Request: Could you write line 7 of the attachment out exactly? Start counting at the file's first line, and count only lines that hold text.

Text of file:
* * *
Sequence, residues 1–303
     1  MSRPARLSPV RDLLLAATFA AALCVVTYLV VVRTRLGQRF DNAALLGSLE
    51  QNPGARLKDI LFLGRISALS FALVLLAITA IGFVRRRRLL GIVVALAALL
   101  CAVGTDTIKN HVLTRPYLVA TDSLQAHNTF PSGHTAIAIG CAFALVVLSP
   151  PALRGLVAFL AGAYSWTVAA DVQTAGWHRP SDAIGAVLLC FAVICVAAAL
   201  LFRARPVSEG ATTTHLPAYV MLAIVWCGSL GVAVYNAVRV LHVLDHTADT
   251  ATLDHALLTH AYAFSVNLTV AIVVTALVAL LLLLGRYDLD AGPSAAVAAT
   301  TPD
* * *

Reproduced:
   251  ATLDHALLTH AYAFSVNLTV AIVVTALVAL LLLLGRYDLD AGPSAAVAAT